Anne Hays, founder of Storyscape Journal, has sent an Open Letter to The New Yorker that she also posted as a Facebook note.  In it she documents the gender imbalance in the journalists and authors represented in recent issues of  the pages of the magazine.  Reading the complete text of the letter on Jezebel, you will see that Ms. Hays is factual and even-handed as she details the reasons for her being:

baffled, outraged, saddened, and a bit depressed that, though some would claim our country’s sexism problem ended in the late 60’s, the most prominent and respected literary magazine in the country can’t find space in its pages for women’s voices in the year 2011.

We have little to add, beyond noting that The New Yorker has always had the knack of making the reader feel smart rather, than making us feel small in light of the smarts of its contributors.  It is no exaggeration to say this is because so many women guided its tastes and tone. While William Shawn was the Wizard of the publication, women have always been its fairy godmothers, not only kind but wise, and able to insert compassion as well as wit.

Say “Algonquin Round Table” in New York and someone will come back with “Dorothy Parker,” a member of The New Yorker’s Board of Editors from its Harold Ross beginnings.  Say Roger Angell, the long-time fiction editor of the magazine and its resident baseball observer for decades, and someone will sigh and talk of his mother Katherine Angell White, who held the fiction post from 1925 until 1960, debuting and nurturing James  Thurber, Vladimir Nabokov, John O’Hara, John Updike, Marianne Moore, Jean Stafford, Ogden Nash and John Cheever,  among others, and marrying the magazine’s Jiminy Cricket, E.B. White.

Janet Flanner’s columns from Paris were dispatches from the City’s of Light’s most brilliant corners, and Pauline Kael, the magazine’s longtime film critic, was the first and last word in American film criticism for 23 years—a woman not only certain of her opinions, but certain of her role as a mentor to those of us who wanted smart ones.  Lillian Ross’s imprint on the magazine is something no one can quantify, so deep are the mysteries surrounding her 55-year affair with William Shawn and her devotion to everything in the magazine’s pages.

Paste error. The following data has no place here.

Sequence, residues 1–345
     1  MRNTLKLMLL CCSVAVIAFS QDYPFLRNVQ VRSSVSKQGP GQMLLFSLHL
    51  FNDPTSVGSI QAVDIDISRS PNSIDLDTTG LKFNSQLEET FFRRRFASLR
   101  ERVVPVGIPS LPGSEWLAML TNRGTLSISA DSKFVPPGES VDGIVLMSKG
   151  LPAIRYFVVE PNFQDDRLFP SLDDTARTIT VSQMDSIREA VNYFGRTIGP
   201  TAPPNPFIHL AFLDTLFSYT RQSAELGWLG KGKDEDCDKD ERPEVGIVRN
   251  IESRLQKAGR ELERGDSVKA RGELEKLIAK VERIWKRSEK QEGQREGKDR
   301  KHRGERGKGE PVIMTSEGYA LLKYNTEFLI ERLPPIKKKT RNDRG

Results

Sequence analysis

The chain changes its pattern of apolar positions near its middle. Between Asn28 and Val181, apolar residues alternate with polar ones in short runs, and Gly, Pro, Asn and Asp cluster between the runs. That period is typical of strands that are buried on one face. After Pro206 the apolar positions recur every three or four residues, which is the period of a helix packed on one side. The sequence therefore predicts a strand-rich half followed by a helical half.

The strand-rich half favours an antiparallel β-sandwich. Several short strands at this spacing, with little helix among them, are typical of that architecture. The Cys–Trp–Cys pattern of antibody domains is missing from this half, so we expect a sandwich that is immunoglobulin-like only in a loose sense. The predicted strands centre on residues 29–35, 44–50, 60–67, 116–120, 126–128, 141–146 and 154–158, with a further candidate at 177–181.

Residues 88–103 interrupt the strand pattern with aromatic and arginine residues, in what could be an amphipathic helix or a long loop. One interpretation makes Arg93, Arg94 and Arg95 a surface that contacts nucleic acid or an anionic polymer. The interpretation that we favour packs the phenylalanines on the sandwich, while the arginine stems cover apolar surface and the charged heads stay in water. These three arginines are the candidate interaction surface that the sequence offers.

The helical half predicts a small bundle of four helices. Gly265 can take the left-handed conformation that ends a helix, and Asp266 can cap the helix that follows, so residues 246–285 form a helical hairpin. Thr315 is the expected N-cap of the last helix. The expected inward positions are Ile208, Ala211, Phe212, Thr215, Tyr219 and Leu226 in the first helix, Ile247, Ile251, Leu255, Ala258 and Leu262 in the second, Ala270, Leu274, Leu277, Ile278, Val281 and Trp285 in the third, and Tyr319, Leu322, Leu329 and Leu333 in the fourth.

Indeed, many who began their subscriptions to The New Yorker in the late 60s and early 70s, this writer among them, invested that yearly sum in the notion that women had equal footing in the pages of that publication.

I would hate to see a boycott of The New Yorker.  Magazines are skating on thin ice this winter, figuring out their tablet presences while trying to maintain their print configurations.  Surely there must be a more reasonable way to reason with the magazine that we have always had good reason for loving and have relied on to love women writers (Alice Munro, Ann Beattie, Annie Proulx and Louise Erdrich have all come to us through Eustace Tilly’s tutelage.)  I’d like to believe that David Remnick will be visited tonight by the spirits of those distaff staff members already mentioned.  There’s no doubt that, no matter what plane these great women are operating on, they can get a job done with grace and fairness. If that doesn’t happen, I guess Ms. Hays will need to lead us on a march in front of The New Yorker offices.  I’d be there, and I know lots of you would too.

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